Scientists have studied how muscles respond to exercise for decades, but research at the University of Kansas is among the first to look specifically at what happens inside the cell and the role hormones and cellular receptors play in response to weight training. The findings could lead to more individualized exercise routines based on a person’s body type, training experience and other factors, and they could help people recover from injuries faster as well.
Justin Nicoll, doctoral student at KU, and Andrew Fry, professor of health, sport & exercise science, have conducted several studies examining how hormones such as testosterone affect muscular responses to exercise. Recently, it has been suggested that hormones play little role, if any, in muscular adaptation. But Nicoll’s work is showing that was an oversimplification and they indeed have a part, and illustrating how they interact with receptors inside the cell.
“Justin has spent a lot of time looking at what goes on inside the cell,” Fry said. “There’s a place inside where the hormone docks are called receptors, and he’s finding out it’s not just how many docks there are, or how much of the hormone there is, but that these receptors can be regulated, or turned on and off depending on the exercise stimulus.”
In their studies, Fry and Nicoll take muscle biopsies from both men and women, some trained athletes and others not, at various points after performing weight-training exercises. The samples are frozen, then specific proteins are isolated and have antibodies attached that allow them to measure the total and activated amounts, as well as where and how they responded to hormones such as testosterone, cortisol and others. The knowledge that steroid receptors can be phosphorylated, or turned on and off, in muscle is relatively new in humans. It has been studied in cell culture and animals, but the KU studies are among the first to look at the process in human muscle.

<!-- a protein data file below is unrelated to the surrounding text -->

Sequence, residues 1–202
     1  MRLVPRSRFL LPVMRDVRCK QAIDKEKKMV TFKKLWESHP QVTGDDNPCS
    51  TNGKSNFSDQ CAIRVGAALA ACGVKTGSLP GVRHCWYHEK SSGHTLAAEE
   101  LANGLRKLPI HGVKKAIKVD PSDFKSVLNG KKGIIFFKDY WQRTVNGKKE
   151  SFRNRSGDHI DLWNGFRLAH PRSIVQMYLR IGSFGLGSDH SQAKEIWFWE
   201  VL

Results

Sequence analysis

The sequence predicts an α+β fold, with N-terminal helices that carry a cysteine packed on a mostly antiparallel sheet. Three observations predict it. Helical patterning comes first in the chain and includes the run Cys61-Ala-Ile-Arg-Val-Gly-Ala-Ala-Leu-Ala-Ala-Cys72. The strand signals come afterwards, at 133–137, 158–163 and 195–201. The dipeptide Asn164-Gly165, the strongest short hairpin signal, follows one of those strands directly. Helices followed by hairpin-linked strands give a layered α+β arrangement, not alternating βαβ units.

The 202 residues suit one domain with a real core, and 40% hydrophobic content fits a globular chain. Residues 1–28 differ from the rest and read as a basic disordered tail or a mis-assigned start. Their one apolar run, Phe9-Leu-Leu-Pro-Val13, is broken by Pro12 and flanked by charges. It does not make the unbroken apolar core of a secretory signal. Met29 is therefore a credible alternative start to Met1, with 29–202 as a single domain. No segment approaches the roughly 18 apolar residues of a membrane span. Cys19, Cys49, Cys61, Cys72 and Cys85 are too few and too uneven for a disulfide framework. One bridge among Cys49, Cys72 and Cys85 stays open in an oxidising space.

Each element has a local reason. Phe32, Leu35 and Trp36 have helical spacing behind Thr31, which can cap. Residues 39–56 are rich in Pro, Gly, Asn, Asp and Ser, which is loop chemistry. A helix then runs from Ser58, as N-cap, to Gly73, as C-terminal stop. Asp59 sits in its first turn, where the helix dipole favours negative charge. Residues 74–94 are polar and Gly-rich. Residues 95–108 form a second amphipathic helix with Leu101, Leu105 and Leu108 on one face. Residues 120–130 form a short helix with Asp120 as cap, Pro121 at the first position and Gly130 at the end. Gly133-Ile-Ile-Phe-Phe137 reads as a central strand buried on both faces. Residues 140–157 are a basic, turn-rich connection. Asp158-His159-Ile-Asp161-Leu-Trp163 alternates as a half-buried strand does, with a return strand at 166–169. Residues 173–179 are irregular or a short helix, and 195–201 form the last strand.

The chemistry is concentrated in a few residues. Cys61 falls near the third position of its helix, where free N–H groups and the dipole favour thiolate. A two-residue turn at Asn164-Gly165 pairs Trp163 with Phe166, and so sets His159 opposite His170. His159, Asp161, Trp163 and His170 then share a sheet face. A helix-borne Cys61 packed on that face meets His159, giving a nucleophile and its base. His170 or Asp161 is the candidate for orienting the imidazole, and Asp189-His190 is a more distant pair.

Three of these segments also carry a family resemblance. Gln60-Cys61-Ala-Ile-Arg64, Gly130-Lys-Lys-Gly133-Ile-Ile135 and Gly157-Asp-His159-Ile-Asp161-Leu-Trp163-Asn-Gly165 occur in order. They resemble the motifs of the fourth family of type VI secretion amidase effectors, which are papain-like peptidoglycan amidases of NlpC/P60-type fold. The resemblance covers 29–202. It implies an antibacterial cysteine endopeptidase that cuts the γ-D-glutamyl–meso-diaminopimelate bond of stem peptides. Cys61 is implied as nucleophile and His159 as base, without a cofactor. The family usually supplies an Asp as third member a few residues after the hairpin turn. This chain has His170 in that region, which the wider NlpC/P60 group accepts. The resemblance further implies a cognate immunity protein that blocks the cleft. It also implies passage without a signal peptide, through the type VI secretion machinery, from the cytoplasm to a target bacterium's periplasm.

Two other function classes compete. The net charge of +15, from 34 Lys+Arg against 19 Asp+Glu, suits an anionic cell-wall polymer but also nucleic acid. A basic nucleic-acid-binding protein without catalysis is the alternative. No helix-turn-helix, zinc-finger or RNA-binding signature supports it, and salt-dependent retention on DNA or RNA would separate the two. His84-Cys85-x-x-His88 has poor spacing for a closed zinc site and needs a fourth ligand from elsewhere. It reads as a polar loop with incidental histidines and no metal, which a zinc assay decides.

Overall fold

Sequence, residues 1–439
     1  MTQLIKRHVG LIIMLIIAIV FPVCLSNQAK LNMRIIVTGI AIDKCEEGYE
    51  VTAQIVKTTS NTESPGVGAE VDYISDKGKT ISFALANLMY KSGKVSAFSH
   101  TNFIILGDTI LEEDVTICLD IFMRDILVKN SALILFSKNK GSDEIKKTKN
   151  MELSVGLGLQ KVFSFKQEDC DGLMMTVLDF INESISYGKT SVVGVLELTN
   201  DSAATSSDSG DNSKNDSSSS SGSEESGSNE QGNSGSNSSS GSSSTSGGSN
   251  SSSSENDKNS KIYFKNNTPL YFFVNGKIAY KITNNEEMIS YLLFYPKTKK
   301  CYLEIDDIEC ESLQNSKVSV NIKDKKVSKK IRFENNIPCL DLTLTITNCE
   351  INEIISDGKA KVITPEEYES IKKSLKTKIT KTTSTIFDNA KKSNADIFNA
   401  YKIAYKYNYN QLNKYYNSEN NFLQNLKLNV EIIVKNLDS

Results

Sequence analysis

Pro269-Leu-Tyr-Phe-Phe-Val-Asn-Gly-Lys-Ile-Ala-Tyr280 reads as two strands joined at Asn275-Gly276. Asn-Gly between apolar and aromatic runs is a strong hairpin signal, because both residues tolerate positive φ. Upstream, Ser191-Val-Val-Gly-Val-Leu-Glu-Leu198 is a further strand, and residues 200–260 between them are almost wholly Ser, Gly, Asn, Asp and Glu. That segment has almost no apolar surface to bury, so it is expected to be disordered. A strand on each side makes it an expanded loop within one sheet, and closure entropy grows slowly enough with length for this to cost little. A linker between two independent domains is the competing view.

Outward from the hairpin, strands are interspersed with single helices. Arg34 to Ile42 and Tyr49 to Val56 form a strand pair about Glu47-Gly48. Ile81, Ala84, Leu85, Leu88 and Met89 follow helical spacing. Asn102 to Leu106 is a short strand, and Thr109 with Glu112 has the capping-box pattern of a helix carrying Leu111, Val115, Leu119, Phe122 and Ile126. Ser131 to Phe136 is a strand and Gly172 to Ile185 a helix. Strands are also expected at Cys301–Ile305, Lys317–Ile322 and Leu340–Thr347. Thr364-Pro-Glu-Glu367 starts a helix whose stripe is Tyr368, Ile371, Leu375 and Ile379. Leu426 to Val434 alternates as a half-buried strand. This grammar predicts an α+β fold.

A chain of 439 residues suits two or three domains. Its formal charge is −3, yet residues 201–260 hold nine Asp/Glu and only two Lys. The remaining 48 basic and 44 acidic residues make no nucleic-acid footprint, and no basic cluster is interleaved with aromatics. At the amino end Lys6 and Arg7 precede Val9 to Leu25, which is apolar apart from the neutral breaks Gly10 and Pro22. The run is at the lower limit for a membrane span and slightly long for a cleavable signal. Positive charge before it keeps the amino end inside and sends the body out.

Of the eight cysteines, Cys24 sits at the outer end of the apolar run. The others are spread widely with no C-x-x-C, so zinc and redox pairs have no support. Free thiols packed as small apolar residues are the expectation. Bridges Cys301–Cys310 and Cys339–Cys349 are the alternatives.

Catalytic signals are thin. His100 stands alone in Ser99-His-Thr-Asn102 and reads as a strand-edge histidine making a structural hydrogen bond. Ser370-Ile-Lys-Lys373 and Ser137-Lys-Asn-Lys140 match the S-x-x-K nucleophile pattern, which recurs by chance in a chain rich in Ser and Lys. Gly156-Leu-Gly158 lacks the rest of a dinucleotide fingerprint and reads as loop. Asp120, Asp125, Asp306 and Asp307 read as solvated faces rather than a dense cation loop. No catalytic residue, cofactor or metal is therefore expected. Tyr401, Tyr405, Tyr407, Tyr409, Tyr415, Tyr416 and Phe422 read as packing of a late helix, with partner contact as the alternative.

“It’s kind of like a dimmer on a light switch. The cell is telling things to turn on and off at various points,” Nicoll said of phosphorylation. “How is that expressed in human muscle and how is it affected by exercise?”
The research thus far has taken samples at rest immediately after or 10 minutes after exercise in trained athletes. The results will be compared to samples taken in a series during and at longer periods after rest, from both trained and nontrained individuals, both male and female. The results will shed light on the optimum time to rest between exercises, how often to perform certain exercises to increase strength in specific muscle groups, and how the exercises may vary in effectiveness by gender, body type and individual genetics. They are also looking at individuals who use certain nutritional supplements while weight training to find out what role they play in the cellular hormonal response to resistance exercise.
“This shows there might be ways to optimize training regimens,” Nicoll said. “We’re learning some adaptations and responses to exercise are genetic, but still, maybe we can help people train in a way to optimize the response for you.”
The results have also shown that certain hormonal responses inside the cell reduce with increased training. As they learn more about when and why receptors stop functioning, the findings could be applied to help prevent overtraining, find out what rest and recovery times are optimal and how to keep hormone receptors from becoming worn out.
Nicoll and Fry will be presenting their findings this summer at the National Strength and Conditioning Association’s Annual Conference in Indianapolis and publishing the results from their studies. As they learn more about hormone receptors and the cellular responses to exercise, Fry said the research is already validating that hormones and their phosphorylated receptors have a lot to teach us about physiology and biochemistry.
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